Volume 13, Issue 25 ~ June 23 -29 , 2005

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Feature Stories

photos by Carrie Steele
The displays at the Lewis Museum are “a personal story, like no other in the nation,” said Sandy Bellamy, the museum’s executive director. “Some of these artifacts have never been displayed anywhere else in the world.”
New Museum Opens Its Doors, Invites You In
Lewis Museum is Maryland’s mecca for African American history
By Carrie Steele

Things don’t fall apart. Things hold. Lives connect in ways that last and last and lives become generations made out of pictures and words just kept.
—Lucille Clifton: “Generations,” 1976 (inscribed on the museum’s wall)

At zero years old, The Reginald F. Lewis Museum of Maryland African American History and Culture houses more than 400 years of history. It is, in Maryland poet Lucille Clifton’s metaphor, a place for holding the memories of generations.

The museum stands in Baltimore’s much-visited Inner Harbor at Pratt Street and Presidents Avenue. The history it holds includes artifacts behind glass as well as photos and written memories of African American communities.

“The relevance to Maryland is remarkable,” said Lt. Gov. Michael Steele at the preview June 21.

“This is an institution that can grab kids and teach that poverty doesn’t have to bar success. The museum is a window for kids to see and share experiences of others and a mirror to see themselves,” said George Russell, chair of the museum’s board of directors. “This is a place where people will be transformed, because African American history is really American history.”

Step Inside
At first glance, the 82,000-square-foot, four-story building — all sharp angles and bright primary colors — jumps out of its urban surroundings. More contemplative is the atrium you enter off of Pratt Street, where you’re flanked by the gift shop, an information desk and grand staircase. The huge red wall representing freedom slices into the building from the sidewalk on Pratt Street.

Climb the wide stairs and you discover that most of the museum presents itself in readings, photographs, objects, video interviews and short movies. There’s also a smattering of interactive activities; you can, for example, try out oyster-tongs to see just how hard they are to maneuver.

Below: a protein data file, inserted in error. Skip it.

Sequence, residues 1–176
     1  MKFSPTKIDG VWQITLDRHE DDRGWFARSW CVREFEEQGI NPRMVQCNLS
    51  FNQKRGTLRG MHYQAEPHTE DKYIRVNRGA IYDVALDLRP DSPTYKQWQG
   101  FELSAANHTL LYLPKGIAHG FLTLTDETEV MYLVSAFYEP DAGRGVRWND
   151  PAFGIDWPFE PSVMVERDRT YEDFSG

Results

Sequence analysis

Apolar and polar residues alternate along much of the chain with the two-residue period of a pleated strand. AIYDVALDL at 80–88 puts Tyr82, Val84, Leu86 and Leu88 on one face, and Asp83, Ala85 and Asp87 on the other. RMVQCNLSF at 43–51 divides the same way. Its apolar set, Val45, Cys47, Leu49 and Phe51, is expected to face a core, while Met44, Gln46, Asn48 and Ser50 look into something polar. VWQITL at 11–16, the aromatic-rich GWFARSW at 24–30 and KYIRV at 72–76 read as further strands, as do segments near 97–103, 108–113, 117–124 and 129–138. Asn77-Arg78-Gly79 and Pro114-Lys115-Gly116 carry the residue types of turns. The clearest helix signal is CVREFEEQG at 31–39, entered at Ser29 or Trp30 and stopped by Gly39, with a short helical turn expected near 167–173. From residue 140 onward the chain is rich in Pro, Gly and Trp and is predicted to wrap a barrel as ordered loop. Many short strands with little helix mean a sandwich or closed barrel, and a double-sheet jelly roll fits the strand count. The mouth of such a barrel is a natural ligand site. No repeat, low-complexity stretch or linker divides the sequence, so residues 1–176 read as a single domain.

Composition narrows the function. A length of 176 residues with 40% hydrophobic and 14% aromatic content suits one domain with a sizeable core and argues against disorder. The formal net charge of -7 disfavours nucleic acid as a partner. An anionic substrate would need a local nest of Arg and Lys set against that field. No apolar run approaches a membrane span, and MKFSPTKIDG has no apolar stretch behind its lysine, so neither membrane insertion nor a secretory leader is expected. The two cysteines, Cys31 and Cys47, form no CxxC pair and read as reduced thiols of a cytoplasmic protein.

You could breeze through the museum in about 35 minutes, said David Terry, director of exhibitions and collections. If you took time to read and listen to everything, you’d spend about two and a half hours.

On the second floor, you’ll find an orientation foyer and the special exhibit, which will change every four to six months. Now on exhibit is the traveling A Slave Ship Speaks: The Wreck of the Henrietta Marie. Through the discovery of the Henrietta Marie, a slave ship which sunk off Key West in 1700, it tells the story of early slave trade from Africa. Along with story boards and colonial maps, you’ll see artifacts from the boat: nails, rigging, a cook stove, grisly pairs of shackles and the bell that bears the ship’s name. Walk through a small wooden passage, and low ceiling, dim light and planks show how Africans made the forced journey to America in the bottom of the boat.

Climb next to the three permanent exhibits on the third floor. Building Maryland highlights African American labor throughout history, and especially three areas: water work, tobacco cultivation and iron forging. Things Hold, Lines Connect shows the social history through individuals stories and lives, photographs, a recreated barbershop wall and even a mini-chapel where up front is a flat-screen video of church oral histories. Finally, Strength of Mind captures the creative spirit of African Americans, and you’ll see the stories of Billie Holiday, Cab Calloway and Eubie Blake, as well as notables such as Benjamin Banneker and famous African American artists.

The top fourth floor seems all business, with administrative offices and a distance-learning classroom, where speakers can address audiences present and far away. Until you discover the oral history recording studio, where you can hear complete recordings of Maryland African Americans (voices that you may have sampled as snippets downstairs). Or record your own, or grandma’s, oral histories. The museum has already collected about 180 such recordings.

Teaching Us All
“Important historic objects and stories were at danger of being lost forever,” said Steele, who praised the Lewis Museum as a monument validating the black experience in American culture.

When we were kids, he said, we had a “wow” reaction visiting places like Busch Gardens. “This museum is going to be a huge ‘wow’ moment for us,” he said. “Every school kid will know this place and be a part of this place. This museum truly proves that we are more than the color of our skin.”

The museum’s namesake, Baltimorean Reginald Lewis, was a lawyer and entrepreneur who was chief executive officer of Fortune 500 food giant TLC Beatrice International. He died at the age of 50 in 1993.

“Reginald said, ‘I want my legacy to be education,’” said Nancy Grasmick, state superintendent of the state Department of Education.